in the providence of God. A.M. 4051. lomon in all his glory, was not arrayed shall we eat? or, What shall we drink? A. 11.4051. A. D. 27. Ar. Olymp. like one of these.

l'or, Wherewithal shall we be clothed ? An. Olymp. CCI, 3.

: 30 Wherefore, if God so clothe the i 32 (For after all these things do the = grass of the field, which to day is, and to- i Gentiles seek :) for your heavenly Father

en, shall he not much knoweth that ye have need of all these more clothe you, 50 ye of little faith?

things. 31 Therefore take no thought, saying, What 33 But seek ye first the kingdom of God,


Luke 12. 28.—

ch. 14. 31,

See 1 Kings 3. 13. Ps. 37. 25. Mark 10. 30. Luke 12. 31. 1 Tim. 1. 8.

shell 20.

Verse 29. Solomon in all his glory] Some suppose, that as | Your heavenly Father knoweth, &c.] The sixth reason the robes of state worn by the eastern kings, were usually against this anxiety about the future, is, because God, our white, as were those of the nobles among the Jews; that heavenly Father, is infinite in wisdom, and knows all our therefore the lily was chosen for the comparison.

wants. It is the property of a wise and tender Father to Verse 30. If God so clothe the grass of the field] Christ | provide necessaries, and not superfluities, for his children. confounds both the luxury of the rich in their superfluities, Not to expect the former, is an offence to his goodness; 10 and the distrust of the poor as to the necessaries of life. expect the latter, is injurious to his wisdom. Let man, who is made for God and eternity, learn from a Verse 33. But seek ye first the kingdom of God] See on flower of the field how low the care of Providence stoops. Matt. iii. 7. All our inquietudes and distrusts proceed from lack of II His righteousness] That holiness of heart and purity of faith : that supplies all wants. The poor are not really life which God requires of those who profess to be subjects such, but because they are destitute of faith.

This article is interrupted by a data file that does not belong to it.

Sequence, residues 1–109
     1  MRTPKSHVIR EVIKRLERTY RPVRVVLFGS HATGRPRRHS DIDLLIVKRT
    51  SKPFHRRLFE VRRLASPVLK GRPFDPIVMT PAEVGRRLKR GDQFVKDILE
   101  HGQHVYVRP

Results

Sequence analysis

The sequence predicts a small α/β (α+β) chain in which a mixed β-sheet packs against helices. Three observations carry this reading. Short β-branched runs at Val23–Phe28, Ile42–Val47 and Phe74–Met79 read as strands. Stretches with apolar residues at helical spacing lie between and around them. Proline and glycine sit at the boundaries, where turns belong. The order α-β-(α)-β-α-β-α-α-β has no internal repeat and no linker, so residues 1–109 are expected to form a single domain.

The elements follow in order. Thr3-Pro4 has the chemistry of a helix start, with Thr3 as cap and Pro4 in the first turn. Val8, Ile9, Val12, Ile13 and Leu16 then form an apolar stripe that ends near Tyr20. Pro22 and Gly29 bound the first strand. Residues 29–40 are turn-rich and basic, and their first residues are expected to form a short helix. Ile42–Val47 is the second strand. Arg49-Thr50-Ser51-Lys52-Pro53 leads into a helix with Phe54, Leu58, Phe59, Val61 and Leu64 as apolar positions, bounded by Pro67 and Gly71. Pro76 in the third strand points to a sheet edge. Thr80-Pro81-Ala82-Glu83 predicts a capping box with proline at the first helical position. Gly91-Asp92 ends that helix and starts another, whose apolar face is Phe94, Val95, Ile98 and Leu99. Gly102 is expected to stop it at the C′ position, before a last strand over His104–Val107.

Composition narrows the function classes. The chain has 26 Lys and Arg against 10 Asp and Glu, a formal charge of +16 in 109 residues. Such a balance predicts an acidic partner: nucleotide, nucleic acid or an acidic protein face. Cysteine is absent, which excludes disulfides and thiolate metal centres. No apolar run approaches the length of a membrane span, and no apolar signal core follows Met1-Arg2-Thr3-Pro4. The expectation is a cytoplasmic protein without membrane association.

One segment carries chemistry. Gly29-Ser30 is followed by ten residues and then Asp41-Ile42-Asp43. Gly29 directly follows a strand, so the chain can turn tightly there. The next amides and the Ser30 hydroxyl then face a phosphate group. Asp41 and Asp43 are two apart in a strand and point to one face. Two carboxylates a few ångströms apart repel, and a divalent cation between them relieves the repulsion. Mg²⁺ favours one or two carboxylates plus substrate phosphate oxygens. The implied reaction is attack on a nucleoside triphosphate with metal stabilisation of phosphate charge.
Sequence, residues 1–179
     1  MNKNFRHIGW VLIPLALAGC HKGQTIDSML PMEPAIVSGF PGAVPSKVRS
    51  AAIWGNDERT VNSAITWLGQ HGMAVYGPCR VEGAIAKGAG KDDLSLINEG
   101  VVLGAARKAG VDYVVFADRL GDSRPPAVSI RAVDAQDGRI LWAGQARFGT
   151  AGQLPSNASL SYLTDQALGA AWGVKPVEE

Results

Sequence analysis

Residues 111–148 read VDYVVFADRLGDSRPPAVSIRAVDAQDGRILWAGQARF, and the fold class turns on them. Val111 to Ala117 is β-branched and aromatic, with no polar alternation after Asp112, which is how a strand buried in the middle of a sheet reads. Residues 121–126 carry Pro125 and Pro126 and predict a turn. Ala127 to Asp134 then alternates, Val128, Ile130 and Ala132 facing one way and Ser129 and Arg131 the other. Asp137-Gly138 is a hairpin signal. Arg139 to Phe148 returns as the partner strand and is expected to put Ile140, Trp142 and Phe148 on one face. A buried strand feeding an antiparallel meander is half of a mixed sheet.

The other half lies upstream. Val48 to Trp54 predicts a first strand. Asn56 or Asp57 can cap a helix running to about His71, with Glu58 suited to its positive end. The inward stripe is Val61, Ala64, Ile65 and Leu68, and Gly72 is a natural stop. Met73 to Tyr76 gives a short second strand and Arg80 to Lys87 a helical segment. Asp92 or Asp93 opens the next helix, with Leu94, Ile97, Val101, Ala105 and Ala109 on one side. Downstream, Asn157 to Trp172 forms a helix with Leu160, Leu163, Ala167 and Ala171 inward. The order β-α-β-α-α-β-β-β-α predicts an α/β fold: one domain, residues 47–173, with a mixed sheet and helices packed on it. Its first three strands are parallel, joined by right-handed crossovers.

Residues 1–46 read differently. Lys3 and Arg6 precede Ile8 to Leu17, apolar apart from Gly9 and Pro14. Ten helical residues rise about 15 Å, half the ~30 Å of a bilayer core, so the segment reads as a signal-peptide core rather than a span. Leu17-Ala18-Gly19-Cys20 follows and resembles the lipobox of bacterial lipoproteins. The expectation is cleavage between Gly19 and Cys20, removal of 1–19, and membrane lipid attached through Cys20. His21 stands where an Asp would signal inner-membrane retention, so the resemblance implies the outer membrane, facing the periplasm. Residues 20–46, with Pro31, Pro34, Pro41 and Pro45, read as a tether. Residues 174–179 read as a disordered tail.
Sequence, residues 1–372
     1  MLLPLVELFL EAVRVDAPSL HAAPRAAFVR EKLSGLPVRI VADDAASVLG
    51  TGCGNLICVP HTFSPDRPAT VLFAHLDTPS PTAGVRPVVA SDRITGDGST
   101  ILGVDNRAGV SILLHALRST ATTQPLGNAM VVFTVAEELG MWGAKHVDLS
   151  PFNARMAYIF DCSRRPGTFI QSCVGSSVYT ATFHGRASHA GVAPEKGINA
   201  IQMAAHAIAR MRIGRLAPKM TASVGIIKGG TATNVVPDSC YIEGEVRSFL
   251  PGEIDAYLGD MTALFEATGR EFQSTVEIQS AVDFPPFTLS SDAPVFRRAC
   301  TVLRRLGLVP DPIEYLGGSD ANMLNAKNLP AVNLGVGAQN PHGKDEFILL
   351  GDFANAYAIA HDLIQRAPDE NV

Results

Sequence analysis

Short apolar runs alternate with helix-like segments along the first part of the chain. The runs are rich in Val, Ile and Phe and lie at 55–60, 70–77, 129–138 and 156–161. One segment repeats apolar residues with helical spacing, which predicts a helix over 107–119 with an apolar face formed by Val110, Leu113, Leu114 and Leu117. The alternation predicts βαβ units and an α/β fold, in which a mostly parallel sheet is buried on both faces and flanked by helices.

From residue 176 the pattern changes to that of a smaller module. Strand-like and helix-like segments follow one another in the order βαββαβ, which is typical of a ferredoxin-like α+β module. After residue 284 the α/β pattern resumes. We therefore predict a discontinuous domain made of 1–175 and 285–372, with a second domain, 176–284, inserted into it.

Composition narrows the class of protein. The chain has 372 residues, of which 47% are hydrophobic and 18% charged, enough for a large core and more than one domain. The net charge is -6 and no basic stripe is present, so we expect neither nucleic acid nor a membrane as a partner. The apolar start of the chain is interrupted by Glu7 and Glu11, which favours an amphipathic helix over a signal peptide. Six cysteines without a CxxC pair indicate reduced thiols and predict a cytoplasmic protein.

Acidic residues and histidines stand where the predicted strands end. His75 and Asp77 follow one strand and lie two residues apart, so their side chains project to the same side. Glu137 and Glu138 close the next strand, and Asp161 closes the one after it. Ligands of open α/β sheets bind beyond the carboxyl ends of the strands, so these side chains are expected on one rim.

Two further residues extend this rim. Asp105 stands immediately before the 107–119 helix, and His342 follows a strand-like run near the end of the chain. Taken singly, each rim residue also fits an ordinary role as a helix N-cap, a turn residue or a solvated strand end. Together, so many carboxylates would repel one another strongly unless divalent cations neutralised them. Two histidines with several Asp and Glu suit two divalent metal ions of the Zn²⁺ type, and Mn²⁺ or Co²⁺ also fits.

of that spiritual kingdom mentioned above. See on chap. v. To-morrow is cast into the ocen] The inhabitants of the 20. East, to this day, make use of dry strarv, withered herbs and 1 The seventh reason against these worldly cares and fears is, stubble to heat their ozens. Some have translated the original | because the business of our salvation ought to engross us word x216avov, a still; and intimate, that our Lord alludes entirely: hither, all our desires, cares, and inquiries ought to the distillation of herbs for medicinal purposes ; but this || to' tend. Grace is the way to glory-holiness the way to is certainly contrary to the scope of our Lord's argument, ! happiness. If men be not righteous, there is no heaven to which runs thus : If God covers, with so much glory, things | be had; if they be, they shall have heaven and earth too; of no farther value than to serve the meanest uses; will he for godliness has the promise of both lives. 1 Tim. vi. 3. not take care of his servants who are so precious in his sight, | All these things shall be added unto you.] The very blunt and designed for such important services in the world ? See note of old Mr. Trapp, on this passage, is worthy of serious Harmer's Observations.